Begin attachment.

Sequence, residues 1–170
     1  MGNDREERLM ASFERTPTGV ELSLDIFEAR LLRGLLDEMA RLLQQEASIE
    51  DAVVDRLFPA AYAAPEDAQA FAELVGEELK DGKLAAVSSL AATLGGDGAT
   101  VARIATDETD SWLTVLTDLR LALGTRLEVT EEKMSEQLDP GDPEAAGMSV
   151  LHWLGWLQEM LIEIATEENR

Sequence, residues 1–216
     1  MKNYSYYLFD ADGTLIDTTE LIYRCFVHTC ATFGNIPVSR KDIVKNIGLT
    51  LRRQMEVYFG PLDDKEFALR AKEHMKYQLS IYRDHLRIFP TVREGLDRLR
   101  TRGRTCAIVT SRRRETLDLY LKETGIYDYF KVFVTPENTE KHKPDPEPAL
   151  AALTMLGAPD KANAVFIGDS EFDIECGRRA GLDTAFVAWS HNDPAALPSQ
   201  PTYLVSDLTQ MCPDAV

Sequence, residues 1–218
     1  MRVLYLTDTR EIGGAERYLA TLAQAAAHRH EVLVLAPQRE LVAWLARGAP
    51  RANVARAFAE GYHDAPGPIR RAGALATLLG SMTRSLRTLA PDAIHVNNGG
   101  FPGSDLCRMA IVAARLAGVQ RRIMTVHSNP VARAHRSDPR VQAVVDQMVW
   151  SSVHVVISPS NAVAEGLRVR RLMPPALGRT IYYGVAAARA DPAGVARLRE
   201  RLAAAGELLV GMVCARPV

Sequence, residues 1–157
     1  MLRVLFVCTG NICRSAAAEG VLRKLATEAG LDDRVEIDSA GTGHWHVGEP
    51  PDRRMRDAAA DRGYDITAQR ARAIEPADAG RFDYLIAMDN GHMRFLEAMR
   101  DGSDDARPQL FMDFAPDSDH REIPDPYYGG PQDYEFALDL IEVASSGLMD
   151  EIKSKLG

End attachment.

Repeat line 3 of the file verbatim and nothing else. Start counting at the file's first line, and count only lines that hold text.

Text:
    51  DAVVDRLFPA AYAAPEDAQA FAELVGEELK DGKLAAVSSL AATLGGDGAT